Coming on the back of the most radical reform to pension savings for 100 years, the Summer Budget announced on 8 July has introduced changes to the pensions industry and indicated a potential for further reform in the coming months and years. Some of the changes announced will take effect next year and those in the pensions industry should be taking steps now to ensure that appropriate arrangements are in place. Other announcements relate to long-term reform and the position should be monitored over the coming months as the Government’s further-thinking evolves with the Green Paper to follow.
The annual allowance will be tapered with effect from the start of the 2016/2017 tax year. The annual allowance is the limit on the amount of savings an individual can make in a registered pension scheme which will receive tax relief. The annual allowance is currently £40,000 but, from April 2016, the annual allowance will be tapered for those with an adjusted income over £150,000. The adjusted income will consist of both the person’s salary and any pension contributions made by the individual or on behalf of the individual. This will mean that the taper cannot be avoided by individuals choosing to sacrifice parts of their salary in return for higher pension contributions.
An income threshold of £110,000 excluding pension contributions will apply, meaning that a person who is in excess of the limit only as a result of high pension contributions will not be affected. As an anti-avoidance measure, any income which is given up as part of a salary sacrifice arrangement after 9 July 2015 will not be included for this purpose.
How Does the Taper Work?
The taper will reduce the individual’s annual allowance by £1 for every £2 that the adjusted income is over the £150,000 threshold. A limit of £30,000 will apply to any reductions, which means that the annual allowance cannot be reduced below £10,000. In effect, those earning £210,000 or more with their adjusted income will still retain an annual allowance of £10,000.
Where the money purchase annual allowance of £30,000 applies, this will be reduced by £1 for every £2 of his adjusted income which exceeds £150,000 with a maximum reduction of £30,000. An individual with an adjusted income of £210,000 or more and who has triggered the money purchase annual allowance will therefore have zero annual allowance available.
These changes will not impact an individual’s ability to carry forward unused annual allowance but that amount will be limited to the unused tapered annual allowance.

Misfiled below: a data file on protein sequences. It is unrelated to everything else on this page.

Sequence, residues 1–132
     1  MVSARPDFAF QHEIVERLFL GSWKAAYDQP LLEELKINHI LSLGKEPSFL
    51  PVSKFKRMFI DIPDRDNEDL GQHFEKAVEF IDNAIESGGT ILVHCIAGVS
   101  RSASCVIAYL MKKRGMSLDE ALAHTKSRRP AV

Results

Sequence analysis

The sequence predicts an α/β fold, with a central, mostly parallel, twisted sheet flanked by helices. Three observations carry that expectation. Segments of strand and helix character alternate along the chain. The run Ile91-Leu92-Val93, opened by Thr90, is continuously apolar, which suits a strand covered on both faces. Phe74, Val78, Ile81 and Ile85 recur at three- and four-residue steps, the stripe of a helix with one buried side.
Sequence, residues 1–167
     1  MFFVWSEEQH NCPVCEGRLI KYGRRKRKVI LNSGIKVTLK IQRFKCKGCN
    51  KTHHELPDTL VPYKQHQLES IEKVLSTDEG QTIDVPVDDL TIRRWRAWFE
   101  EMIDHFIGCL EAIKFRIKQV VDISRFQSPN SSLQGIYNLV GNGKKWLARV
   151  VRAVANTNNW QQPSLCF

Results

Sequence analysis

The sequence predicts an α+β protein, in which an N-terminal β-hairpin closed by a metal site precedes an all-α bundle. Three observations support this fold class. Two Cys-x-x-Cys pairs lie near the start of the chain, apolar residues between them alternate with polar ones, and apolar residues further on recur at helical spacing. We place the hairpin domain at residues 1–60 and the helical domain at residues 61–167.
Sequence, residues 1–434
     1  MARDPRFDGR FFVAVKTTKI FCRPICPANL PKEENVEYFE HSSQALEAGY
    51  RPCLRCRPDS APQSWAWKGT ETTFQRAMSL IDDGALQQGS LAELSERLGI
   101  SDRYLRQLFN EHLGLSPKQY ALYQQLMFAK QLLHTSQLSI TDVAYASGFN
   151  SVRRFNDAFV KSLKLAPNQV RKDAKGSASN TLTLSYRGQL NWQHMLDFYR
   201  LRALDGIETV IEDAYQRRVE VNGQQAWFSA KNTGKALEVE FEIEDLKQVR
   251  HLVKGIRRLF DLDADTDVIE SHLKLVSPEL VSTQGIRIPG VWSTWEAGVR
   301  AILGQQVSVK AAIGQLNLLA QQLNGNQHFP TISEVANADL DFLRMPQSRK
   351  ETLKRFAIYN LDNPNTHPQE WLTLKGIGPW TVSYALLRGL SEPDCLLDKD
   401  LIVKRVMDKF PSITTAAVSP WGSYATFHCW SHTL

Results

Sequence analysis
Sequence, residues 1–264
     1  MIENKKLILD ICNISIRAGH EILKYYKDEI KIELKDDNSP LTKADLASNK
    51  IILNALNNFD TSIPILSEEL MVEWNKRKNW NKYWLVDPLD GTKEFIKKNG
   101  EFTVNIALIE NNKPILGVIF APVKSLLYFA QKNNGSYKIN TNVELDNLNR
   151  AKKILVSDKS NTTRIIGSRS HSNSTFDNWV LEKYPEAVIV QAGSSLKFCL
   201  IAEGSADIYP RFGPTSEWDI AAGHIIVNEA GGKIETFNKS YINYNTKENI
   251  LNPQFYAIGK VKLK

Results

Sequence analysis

The lifetime allowance, which is the maximum amount of pension savings an individual can hold in a pension scheme receiving favourable tax treatment, has been reduced from £1.25 million to £1 million from the start of the 2016/2017 tax year. In order to protect those affected by these changes, protections will be introduced for those who have saved with the expectation that there would be no reduction in the lifetime allowance.
From 2018 the lifetime allowance will be indexed to the Consumer Prices Index and rise in line with increases in CPI.
Monitoring of Salary Sacrifice Arrangements
It was widely trailed before the Summer Budget that the Government was considering reforms to salary sacrifice. It has been announced that the Government will now be monitoring salary sacrifice arrangements. In particular, the Government will be monitoring the effect that these arrangements have on tax receipts and it remains to be seen whether any action will be taken as a result of the Government’s monitoring.
Secondary Annuities Market
It was announced earlier this year that the Government was considering the creation of a secondary annuities market which would allow individuals who have already purchased an annuity to make use of the new pension flexibilities. This proposal has been delayed from April 2016 to 2017 in order to allow more consultation on the issue and to ensure that there is adequate support to individuals when making decisions.
Taxation of Lump-Sum Death Benefits
Changes are to be made to the taxation of lump-sum death benefits where a person dies after the age of 75. Previously, if a member died after reaching that age the special lump-sum death benefits charge applied at a rate of 45%. From April 2016 those members will be taxed at the marginal rate of the recipient, where the ultimate beneficiary is an individual. If the recipient is a company or trust without a marginal tax rate the 45% rate will apply.
Possible Reform of Pensions Tax Relief
A consultation paper will be published to explore if there should be reform to the current pension tax relief system. This is partly to encourage pension saving for the future but equally to manage Government costs in light of longer life expectancy and widespread moves from DB to DC schemes. The consultation paper, available here, has been published and the consultation period will run until the 30th of September 2015.
The changes announced in the Summer Budget usher in yet further changes to the pensions tax regime alongside a possible review of (increasingly popular) salary sacrifice arrangements. Those involved in the pensions industry should therefore maintain a watching brief over the coming weeks and months for further announcements as well as await the Green Paper to see how the Government’s thinking evolves.